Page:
Exon Skipping of FcεRIβ for Allergic Diseases

  • Greer K. Arthur
  • Glenn CruseEmail author
Part of the Methods in Molecular Biology book series (MIMB, volume 1828)


Mast cells are key effector cells in allergic inflammation and consequently are ideal targets for new therapeutics. The high-affinity IgE receptor complex, FcεRI, plays a critical role in mast cell and basophil activation by allergens to drive the immediate allergic inflammatory response. The β subunit of FcεRI is critical for trafficking the FcεRI complex to the cell membrane and amplifies the FcεRI signaling cascade. We have utilized splice switching antisense oligonucleotides to force expression of a truncated isoform of FcεRIβ, which we have shown does not associate with the FcεRI complex. This approach eliminates surface FcεRI expression in mast cells by targeting protein–protein interactions. Exon skipping has several therapeutic applications, and our findings demonstrate a novel application to alter receptor trafficking and dampen allergic inflammation. Here, we describe the methods of exon skipping in mast cells and the assays used to examine the responses of mast cells in vitro and in vivo.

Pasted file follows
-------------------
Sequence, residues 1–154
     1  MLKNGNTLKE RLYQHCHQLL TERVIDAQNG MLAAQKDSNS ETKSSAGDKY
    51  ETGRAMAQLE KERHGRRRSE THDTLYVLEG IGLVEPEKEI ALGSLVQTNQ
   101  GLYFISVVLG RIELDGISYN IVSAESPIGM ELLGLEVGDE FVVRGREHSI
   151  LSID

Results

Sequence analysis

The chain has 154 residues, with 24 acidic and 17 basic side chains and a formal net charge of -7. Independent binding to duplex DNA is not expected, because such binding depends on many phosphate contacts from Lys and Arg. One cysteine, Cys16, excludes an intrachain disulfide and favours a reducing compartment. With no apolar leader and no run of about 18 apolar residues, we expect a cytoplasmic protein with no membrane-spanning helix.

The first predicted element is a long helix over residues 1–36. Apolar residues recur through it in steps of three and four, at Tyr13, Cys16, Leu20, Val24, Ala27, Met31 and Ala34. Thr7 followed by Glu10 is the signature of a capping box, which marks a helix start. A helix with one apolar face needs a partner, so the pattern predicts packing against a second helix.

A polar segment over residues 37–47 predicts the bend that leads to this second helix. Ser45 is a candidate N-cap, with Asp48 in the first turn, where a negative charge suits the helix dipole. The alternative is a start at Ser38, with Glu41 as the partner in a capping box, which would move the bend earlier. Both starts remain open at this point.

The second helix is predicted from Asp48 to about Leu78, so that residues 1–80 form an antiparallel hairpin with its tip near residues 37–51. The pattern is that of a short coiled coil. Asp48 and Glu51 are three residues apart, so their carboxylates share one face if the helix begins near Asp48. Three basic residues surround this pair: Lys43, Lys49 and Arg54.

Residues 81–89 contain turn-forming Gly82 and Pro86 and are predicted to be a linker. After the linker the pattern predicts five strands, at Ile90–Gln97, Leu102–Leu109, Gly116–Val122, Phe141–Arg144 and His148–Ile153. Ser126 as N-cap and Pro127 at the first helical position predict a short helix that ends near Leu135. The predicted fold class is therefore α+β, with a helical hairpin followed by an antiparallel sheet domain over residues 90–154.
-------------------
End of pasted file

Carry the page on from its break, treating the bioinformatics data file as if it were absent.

Key words

Mast cell Allergic diseases Allergic inflammation FcεRI Exon skipping 



Antisense oligonucleotide




Bone marrow-derived mast cells


Bovine serum albumin


Deionized H2O




Dinitrophenyl-human serum albumin


High-affinity IgE receptor


β subunit of the FcεRI complex


Fluorescein isothiocyanate


Phosphate-buffered saline




p-nitrophenyl N-acetyl-β-D-glucosamide


Recombinant human stem cell factor


Truncated variant of FcεRIβ lacking exon 3


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Copyright information

© Springer Science+Business Media, LLC, part of Springer Nature 2018

Authors and Affiliations

  1. 1.Department of Molecular Biomedical Sciences, College of Veterinary MedicineNorth Carolina State UniversityRaleighUSA

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